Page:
A man has appeared in court from his garden shed during a remote hearing in which he used his mobile phone to make a video call to the judge.

Shaun Tucker was conditionally discharged at Exeter Crown Court after he pleaded guilty to threatening a neighbour with a hammer during an argument over a missing bicycle.

The case was run on the Courts Service’s new cloud video platform which is currently being rolled out around the country and enables remote access by computer or mobile phone.

The judge and an usher were in court but Tucker and both prosecution and defence barristers all attended remotely during a 40-minute hearing.

Tucker, who works as a roofer and kitchen installer, joined the video conference by mobile phone in a wooden shed with a sloping roof and tools hung on the wooden wall behind him.

He had to confirm that he was in a private and secure place and that no-one could overhear the court proceedings.

His connection dropped out briefly during the case but was restored in time for the sentence to be delivered by Judge David Evans.

Tucker, aged 39, of Barnstaple, admitted threatening behaviour and was conditionally discharged for a year and ordered to pay £100 compensation to the neighbour, and £50 costs.

The judge told him: “You became unreasonably angry about your missing bike which your neighbour had offered to help you to locate.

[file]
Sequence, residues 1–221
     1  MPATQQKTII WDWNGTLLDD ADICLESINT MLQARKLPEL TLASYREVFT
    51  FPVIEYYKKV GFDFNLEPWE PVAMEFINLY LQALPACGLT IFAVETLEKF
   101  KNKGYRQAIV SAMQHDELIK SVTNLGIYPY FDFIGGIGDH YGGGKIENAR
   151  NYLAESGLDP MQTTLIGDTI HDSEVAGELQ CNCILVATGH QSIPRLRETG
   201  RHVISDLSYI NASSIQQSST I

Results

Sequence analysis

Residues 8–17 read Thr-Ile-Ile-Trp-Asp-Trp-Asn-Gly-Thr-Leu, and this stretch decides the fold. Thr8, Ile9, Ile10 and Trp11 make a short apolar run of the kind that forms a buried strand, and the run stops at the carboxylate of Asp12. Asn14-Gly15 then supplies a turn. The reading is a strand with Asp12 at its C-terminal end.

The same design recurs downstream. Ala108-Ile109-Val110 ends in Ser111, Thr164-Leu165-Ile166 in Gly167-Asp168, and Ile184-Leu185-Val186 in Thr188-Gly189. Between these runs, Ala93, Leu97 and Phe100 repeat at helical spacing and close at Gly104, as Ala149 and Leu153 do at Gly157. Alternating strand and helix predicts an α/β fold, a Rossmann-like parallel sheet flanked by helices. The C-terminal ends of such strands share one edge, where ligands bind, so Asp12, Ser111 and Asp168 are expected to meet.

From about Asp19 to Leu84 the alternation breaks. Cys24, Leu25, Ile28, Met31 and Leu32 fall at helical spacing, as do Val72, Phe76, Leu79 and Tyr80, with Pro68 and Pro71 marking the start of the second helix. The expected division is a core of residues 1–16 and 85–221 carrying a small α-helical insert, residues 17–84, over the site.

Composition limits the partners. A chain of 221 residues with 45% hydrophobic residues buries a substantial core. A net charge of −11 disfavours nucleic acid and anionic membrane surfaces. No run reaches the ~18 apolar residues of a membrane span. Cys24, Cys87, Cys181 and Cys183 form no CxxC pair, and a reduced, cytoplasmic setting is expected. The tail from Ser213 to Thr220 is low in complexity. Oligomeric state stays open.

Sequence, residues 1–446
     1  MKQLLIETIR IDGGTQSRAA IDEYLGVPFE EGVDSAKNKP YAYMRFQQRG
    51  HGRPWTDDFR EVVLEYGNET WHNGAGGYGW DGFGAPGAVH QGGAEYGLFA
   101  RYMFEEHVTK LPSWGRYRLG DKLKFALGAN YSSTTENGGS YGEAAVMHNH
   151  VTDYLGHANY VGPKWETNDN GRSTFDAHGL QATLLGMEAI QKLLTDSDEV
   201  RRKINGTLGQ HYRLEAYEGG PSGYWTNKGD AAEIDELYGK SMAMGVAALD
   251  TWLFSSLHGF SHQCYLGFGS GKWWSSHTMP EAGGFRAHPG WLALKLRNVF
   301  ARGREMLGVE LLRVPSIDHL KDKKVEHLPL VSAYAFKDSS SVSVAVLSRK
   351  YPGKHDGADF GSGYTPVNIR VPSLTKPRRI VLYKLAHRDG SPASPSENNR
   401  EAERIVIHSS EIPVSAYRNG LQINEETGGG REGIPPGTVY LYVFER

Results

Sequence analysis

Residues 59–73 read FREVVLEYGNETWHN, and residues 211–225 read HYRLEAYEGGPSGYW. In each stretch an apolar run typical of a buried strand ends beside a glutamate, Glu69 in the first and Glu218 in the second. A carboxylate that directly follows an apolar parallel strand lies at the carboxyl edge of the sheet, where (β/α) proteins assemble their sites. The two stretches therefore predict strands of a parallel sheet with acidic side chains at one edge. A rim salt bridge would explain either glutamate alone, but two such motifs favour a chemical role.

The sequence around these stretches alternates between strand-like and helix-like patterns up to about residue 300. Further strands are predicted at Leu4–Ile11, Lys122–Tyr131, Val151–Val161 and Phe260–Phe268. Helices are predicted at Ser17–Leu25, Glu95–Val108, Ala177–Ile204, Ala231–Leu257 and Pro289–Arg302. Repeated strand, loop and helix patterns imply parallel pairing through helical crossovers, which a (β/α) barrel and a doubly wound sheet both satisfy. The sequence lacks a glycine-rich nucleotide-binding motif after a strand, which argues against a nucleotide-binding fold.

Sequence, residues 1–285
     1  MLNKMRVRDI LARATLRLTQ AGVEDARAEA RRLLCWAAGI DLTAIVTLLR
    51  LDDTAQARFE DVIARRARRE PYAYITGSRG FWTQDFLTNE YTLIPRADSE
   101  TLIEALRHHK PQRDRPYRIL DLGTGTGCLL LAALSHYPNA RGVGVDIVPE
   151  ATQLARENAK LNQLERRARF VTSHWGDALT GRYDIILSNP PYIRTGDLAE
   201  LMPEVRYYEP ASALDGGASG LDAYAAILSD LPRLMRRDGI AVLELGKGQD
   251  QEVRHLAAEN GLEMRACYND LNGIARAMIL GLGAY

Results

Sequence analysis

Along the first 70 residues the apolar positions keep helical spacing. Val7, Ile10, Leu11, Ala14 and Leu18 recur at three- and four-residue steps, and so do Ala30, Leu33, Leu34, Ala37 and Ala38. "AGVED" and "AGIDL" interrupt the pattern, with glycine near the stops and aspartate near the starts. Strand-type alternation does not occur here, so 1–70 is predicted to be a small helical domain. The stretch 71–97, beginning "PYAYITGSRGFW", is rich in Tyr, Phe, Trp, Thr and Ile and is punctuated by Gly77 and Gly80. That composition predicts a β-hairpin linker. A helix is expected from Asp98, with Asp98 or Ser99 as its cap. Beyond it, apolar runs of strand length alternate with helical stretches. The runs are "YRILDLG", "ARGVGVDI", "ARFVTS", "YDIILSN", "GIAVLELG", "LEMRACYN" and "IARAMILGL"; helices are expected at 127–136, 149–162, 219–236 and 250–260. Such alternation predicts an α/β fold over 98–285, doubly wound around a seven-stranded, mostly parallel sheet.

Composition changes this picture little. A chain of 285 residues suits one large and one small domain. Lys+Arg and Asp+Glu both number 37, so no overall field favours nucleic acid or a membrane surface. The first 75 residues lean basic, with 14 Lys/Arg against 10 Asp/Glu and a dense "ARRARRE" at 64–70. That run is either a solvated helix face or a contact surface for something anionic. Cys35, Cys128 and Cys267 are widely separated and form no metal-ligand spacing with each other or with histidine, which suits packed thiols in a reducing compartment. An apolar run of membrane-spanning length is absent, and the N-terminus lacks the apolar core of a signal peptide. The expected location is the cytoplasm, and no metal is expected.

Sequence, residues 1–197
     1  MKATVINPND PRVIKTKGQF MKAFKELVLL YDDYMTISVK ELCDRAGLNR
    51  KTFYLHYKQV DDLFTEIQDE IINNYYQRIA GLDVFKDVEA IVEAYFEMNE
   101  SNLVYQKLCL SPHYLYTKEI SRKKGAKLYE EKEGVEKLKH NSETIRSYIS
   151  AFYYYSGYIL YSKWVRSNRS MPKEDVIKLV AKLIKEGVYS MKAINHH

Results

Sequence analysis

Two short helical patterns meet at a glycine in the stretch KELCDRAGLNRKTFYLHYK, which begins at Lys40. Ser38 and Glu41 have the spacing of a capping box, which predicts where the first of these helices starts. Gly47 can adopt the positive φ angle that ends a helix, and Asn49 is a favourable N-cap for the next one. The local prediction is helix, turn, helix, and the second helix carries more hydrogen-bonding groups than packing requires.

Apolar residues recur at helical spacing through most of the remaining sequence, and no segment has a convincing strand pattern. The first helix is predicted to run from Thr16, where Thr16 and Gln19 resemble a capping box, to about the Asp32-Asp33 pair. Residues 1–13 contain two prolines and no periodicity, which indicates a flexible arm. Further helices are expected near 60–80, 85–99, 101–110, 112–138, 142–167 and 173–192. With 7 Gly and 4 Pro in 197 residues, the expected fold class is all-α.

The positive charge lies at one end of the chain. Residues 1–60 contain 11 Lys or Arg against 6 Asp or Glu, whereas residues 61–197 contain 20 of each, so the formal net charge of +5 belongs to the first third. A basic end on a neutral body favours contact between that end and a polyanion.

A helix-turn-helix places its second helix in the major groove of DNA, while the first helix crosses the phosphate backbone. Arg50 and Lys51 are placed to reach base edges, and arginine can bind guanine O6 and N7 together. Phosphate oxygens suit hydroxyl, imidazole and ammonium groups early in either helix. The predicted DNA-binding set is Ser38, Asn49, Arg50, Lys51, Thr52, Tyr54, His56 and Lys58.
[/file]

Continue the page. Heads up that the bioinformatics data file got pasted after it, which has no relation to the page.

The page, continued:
“You sent some intemperate text messages the evening before and in the morning, for a reason I find difficult to understand, you got a hammer from your home and engaged in threatening language and behaviour.

“She believed unlawful violence would be used and was very, very scared. There was higher culpability because a hammer was used.”

The judge made a two year restraining order banning Tucker from contacting the victim or going to her flat at Ebberley Court, Barnstaple.

Bathsheba Cassel, prosecuting, said Tucker lived nearby at the time of the incident last August and mistakenly believed the neighbour knew something about his missing bike.

He followed up a series of texts by going to the entrance to the flats where she lived and threatening to smash her windows with a hammer.

He threw the hammer away towards his own home, damaging his car and a window before leaving.

Piers Norsworthy, defending, said Tucker had the hammer because of his work as a roofer and kitchen fitter. He said he has moved to another part of Barnstaple and there has been no further trouble.